At least one in five loans have not been repaid since 2017, compared to 10 per cent for customers who take regular loans, bankers’ lobby says in new report.
One in five loans taken through mobile phone platforms are in default even as the ease of digital borrowing creates an ever-growing pool of distressed borrowers.
Kenya Bankers Association — the lenders’ lobby group — says in a new report that 21 percent of digital loans were not repaid between 2015 and last year.
However, the association did not reveal how much its members had given out as digital loans.
The default rate is more than double the average ratio of non-performing loans for conventional borrowing – whose default rate has stood at 10.2 percent over the three year period.
This trend has exposed the default risks of extending credit through cell phones.
Many Kenyans now find they can get loans in minutes with the banks relying heavily on algorithms that build a financial profile of customers in the quest to minimise the risk of default.
“Digital non-performing loans (NPL) to digital credit ratio for commercial bank averaged at 21 percent between March 2015 and March 2018, which is relatively high as compared to the banking industry average NPL ratio of 10.2 percent,” the study released last week has shown.
The higher non-performing digital loans have triggered the increase in the number defaulters reported to one of Kenya’s three credit reference bureaux, hurting the borrowers’ chances of being able to borrow more.
To avoid defaults, borrowers tap loans from a numbers firms to settle loans owed to rival digital lenders, thus mounting their debt and this ultimately leads them to being negatively listed on Credit Reference Bureaux (CRBs).
In the last three years, 2.7 million people out of a population of around 45 million, have been negatively listed with CRBs, according to a study by Microsave, a consultancy which advises lenders on sustainable financial services.
The bulk of the defaulters borrowed loans below Sh1,000, mostly through mobile phones.
The defaults come at a time when the banking sector is battling a rise in distressed borrowers as Kenya’s economy slows down.
Kenya’s economic growth slowed in the first quarter of this year compared with the same period last year due to dry weather which adversely affected the farming sub-sector. The economy grew 5.6 percent year-on-year from 6.5 percent in the same quarter last year.
Agriculture, which contributes about a third of output or Gross Domestic Product (GDP), grew 5.3 percent compared with 7.5 percent in the first quarter of 2018, denying the economy cash, given that the bulk of Kenyans derive their income from the sector and its auxiliary sub-sectors like retail.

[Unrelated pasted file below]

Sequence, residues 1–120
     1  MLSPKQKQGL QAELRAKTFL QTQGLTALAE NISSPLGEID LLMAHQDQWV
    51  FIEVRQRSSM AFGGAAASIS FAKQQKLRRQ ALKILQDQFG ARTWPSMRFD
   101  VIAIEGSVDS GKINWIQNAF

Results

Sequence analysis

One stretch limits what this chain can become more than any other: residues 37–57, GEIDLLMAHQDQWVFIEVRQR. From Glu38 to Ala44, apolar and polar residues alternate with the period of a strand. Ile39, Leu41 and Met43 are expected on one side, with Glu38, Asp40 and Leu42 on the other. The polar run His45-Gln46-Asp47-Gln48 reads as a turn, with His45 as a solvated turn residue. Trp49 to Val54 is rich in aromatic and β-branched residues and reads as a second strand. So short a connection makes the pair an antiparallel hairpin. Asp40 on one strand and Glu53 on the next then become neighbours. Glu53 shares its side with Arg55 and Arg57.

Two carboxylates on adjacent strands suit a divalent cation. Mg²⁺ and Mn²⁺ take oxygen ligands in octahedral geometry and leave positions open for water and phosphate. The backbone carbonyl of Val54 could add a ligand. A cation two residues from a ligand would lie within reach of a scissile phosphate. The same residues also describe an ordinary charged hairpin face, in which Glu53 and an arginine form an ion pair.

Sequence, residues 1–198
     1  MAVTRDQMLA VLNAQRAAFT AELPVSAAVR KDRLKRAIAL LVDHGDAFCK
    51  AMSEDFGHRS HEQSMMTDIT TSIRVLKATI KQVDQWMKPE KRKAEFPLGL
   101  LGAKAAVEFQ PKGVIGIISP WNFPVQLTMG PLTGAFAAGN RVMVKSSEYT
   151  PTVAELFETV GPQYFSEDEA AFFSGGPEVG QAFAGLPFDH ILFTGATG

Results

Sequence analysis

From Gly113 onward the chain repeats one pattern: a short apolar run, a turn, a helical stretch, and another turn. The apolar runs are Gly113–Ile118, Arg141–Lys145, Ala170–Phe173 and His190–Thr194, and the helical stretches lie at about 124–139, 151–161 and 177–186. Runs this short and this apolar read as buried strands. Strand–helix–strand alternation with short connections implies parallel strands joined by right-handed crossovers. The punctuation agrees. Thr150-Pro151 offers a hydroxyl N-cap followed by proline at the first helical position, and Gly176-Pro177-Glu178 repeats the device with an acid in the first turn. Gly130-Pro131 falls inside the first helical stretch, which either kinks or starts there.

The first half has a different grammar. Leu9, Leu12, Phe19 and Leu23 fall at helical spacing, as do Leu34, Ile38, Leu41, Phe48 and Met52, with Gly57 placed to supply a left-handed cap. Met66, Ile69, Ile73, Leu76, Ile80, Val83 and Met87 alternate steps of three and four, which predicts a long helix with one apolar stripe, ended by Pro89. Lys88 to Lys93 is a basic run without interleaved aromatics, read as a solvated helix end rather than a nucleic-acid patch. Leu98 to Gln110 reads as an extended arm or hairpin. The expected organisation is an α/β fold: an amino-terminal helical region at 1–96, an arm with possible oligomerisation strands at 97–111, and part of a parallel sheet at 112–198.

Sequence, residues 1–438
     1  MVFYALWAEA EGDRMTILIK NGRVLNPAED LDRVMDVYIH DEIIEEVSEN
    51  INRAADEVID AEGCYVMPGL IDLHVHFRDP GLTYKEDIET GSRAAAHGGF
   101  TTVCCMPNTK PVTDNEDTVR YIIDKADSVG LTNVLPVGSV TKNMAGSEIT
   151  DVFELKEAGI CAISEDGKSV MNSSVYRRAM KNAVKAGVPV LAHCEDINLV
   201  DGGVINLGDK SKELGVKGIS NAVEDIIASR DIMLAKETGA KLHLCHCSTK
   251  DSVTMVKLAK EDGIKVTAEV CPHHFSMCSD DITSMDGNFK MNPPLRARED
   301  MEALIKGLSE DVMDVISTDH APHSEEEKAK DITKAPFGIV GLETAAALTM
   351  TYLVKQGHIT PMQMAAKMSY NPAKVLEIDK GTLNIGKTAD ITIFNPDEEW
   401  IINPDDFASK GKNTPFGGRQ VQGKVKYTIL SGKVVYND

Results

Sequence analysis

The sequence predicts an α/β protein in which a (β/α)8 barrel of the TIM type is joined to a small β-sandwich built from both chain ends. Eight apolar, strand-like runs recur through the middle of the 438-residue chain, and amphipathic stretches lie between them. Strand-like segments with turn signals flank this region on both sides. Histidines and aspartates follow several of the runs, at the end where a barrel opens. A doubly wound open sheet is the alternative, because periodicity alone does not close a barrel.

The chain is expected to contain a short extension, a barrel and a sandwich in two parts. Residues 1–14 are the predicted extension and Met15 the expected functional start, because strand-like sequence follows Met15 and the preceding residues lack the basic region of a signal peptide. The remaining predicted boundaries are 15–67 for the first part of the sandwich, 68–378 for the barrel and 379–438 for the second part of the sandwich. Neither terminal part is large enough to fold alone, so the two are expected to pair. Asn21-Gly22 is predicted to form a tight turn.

Non-performing loans in the banking industry have increased to double digits for the first time since 2007 as banks aggressively seize defaulters’ assets.
The rise in non-performing loans points to the difficulties businesses and individuals are facing to stay afloat in the economy, and the reduced spending power of ordinary Kenyans.
A rising number of borrowers have seen their properties go under the hammer after finding it difficult to service their loans, with the most commonly auctioned sectors being real estate and motor vehicles. Top auctioneers are reporting a glut of repossessed vehicles, land, homes and office equipment being sold off cheaply across Kenya.
“More and more people are defaulting and banks are having no option but putting their property up for auction,” said Stephen Kang’ethe, an auctioneer with Nairobi-based Dalali Traders.
“Commercial Banks have also become aggressive in seeking to recoup the defaulted money hence the rise in auctions”.
However, bankers have preferred CRB listing for digital loans because their individual borrowings are small to justify auction costs.
“The defaults for digital loans are high because they are more accessible and the requirements less stringent. People need a valid reason to take conventional loans as opposed to just borrowing because it is accessible,” said Renaldo D’souza, a research analyst at Sterling Capital. “The NPLs may also be high because the high interest rates they are charging, unlike conventional loans which charge an annual rate, mobile loans charge per month for the short term loans, which is expensive.”
The current legal regime of the digital lenders, which is outside the direct remit of the Central Bank, allows providers, both banks and others, to escape the government cap on interest of four points above the CBK-benchmark interest rate, which now stands at nine percent and caps credit cost at 13 percent.